He also connected with dancers like Vincent Mantsoe in Paris, writers like Napo Masheane were given a scenario and asked to write something and others to tell their own stories while an international jazz hook-up was also made. He had to find ways to woo audiences to watch and is thrilled by the response – with numbers watching rising constantly as all the work can be easily accessed for free.
Many of these plays will also be staged at the Market once live performances are given the go-ahead. “I envision two weekends of short plays for example where audiences move around from one 20 minute play to another,” he says. For him it is important to stage new work and not just look at what they had available.
This latest season is based on speeches from some of Shakespeare’s iconic plays, mostly written for male characters. They have been carefully picked and partnered with the perfect actress, according to Ngcobo.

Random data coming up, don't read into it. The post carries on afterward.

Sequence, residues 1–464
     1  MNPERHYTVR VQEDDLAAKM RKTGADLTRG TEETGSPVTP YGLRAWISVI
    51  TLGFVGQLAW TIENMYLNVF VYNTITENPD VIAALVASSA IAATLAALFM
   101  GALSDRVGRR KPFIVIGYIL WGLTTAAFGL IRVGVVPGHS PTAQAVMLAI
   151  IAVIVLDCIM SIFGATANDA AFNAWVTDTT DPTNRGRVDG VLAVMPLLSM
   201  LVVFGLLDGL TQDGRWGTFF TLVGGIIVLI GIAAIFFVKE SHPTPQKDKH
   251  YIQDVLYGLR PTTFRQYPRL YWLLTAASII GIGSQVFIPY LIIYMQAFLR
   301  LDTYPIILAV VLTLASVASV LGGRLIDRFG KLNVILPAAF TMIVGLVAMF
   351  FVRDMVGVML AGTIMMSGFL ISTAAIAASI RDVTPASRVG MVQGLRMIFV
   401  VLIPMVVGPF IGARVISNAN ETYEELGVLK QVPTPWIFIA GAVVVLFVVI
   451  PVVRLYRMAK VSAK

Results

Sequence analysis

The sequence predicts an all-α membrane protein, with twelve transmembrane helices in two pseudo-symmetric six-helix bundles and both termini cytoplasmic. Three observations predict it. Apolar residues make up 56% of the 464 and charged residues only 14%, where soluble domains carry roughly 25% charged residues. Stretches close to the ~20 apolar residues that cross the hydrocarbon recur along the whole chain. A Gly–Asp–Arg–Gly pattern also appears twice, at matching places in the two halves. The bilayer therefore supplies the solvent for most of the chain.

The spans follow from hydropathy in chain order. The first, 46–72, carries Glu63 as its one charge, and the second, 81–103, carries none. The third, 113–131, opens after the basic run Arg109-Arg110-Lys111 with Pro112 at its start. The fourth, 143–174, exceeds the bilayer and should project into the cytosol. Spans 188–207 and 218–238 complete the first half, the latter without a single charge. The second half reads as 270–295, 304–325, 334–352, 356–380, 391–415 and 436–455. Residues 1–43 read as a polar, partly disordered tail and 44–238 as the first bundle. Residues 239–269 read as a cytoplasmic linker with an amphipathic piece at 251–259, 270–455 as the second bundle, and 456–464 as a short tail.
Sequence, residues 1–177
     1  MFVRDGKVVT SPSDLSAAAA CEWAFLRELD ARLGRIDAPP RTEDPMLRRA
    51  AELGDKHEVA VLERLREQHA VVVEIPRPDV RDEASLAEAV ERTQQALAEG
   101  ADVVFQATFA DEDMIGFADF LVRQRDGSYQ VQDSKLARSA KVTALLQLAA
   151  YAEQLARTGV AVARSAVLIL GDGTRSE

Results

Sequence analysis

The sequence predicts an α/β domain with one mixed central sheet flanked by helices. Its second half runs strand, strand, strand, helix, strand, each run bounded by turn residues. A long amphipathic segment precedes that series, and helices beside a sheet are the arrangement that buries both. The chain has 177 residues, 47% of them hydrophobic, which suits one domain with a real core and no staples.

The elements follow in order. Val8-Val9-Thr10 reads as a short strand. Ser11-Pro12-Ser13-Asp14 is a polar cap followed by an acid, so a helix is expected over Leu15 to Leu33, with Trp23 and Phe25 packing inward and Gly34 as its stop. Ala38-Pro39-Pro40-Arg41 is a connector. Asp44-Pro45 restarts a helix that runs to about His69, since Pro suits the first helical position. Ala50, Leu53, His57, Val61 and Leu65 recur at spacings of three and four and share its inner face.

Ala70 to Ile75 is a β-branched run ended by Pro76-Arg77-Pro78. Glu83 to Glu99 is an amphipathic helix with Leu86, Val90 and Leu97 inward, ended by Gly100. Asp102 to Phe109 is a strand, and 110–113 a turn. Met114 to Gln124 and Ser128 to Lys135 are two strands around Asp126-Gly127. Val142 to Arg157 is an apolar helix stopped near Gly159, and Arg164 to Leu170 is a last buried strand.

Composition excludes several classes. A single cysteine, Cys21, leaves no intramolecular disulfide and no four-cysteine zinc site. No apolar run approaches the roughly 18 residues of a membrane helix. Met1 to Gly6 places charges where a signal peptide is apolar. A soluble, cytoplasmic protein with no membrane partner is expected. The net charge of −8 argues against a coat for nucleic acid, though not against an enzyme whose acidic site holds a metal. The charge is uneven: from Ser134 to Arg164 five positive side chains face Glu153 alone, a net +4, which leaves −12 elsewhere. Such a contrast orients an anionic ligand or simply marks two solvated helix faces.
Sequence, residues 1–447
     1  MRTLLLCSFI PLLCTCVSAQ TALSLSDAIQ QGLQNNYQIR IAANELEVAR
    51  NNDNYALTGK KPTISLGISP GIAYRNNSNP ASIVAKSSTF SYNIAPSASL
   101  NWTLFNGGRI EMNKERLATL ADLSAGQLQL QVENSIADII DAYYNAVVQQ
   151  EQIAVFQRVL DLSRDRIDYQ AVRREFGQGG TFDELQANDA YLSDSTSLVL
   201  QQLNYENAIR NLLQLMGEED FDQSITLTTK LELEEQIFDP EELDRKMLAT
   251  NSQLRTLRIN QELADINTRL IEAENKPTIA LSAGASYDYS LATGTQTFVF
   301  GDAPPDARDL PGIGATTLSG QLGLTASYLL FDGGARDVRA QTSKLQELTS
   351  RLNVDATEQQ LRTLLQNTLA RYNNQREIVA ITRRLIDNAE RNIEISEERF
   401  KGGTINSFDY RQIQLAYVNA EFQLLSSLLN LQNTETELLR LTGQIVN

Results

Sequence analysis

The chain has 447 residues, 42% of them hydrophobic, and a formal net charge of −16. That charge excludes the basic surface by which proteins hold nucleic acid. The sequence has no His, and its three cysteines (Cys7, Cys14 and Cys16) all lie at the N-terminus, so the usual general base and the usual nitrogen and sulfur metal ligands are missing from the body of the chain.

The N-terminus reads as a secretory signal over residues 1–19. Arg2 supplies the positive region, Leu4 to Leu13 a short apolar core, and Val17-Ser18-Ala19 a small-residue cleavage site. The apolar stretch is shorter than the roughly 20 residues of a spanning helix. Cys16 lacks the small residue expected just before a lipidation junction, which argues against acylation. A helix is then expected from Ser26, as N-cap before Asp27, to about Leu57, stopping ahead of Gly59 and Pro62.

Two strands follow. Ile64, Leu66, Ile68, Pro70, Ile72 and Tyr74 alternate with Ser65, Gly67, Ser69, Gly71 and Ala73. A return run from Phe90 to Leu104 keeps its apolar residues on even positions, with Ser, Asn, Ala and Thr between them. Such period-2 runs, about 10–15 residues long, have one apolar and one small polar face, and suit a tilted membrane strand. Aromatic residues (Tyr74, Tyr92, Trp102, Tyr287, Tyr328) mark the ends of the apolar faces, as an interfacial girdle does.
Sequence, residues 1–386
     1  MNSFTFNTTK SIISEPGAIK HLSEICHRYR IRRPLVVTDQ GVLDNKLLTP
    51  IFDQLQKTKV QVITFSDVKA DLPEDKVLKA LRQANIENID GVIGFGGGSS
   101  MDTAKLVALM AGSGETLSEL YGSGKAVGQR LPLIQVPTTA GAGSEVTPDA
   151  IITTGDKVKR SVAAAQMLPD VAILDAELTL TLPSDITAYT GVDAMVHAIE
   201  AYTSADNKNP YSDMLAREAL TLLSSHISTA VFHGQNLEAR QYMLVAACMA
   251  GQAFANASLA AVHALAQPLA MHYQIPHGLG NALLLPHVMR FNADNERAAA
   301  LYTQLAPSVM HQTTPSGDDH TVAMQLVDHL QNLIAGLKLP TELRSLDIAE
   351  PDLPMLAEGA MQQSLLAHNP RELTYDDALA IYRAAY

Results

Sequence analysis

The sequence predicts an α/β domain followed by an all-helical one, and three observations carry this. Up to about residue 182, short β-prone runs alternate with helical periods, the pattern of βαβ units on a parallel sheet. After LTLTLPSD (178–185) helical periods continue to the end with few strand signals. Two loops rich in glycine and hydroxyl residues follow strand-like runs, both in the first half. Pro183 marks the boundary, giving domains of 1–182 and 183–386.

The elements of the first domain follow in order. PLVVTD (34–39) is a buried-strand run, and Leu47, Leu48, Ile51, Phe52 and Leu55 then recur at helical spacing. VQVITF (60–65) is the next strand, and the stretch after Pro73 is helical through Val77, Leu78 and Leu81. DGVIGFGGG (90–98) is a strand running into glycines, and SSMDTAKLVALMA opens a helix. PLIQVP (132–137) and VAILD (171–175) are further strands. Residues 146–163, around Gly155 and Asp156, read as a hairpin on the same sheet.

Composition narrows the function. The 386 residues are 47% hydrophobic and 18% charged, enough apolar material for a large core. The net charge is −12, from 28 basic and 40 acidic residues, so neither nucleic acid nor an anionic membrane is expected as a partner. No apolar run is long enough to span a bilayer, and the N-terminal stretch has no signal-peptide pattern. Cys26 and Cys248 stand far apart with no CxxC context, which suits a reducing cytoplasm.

These past few months and those ahead have been all about finding ways to work not only for audiences but also for actors. Reversing the roles in this Shakespeare season, Ngcobo hoped to excite both parties with roles that where written more than 400 years ago but are still relevant today.
In an Oprah Masterclass podcast with Maya Angelou, relevance is underlined with the following Angelou musings:
“I read Shakespeare,” she says speaking of herself at a very young age, approximately 12. “I memorised 50 sonnets or something. But I read one sonnet that made me think, Shakespeare must be a black girl from the South who may have been molested. How could he know?”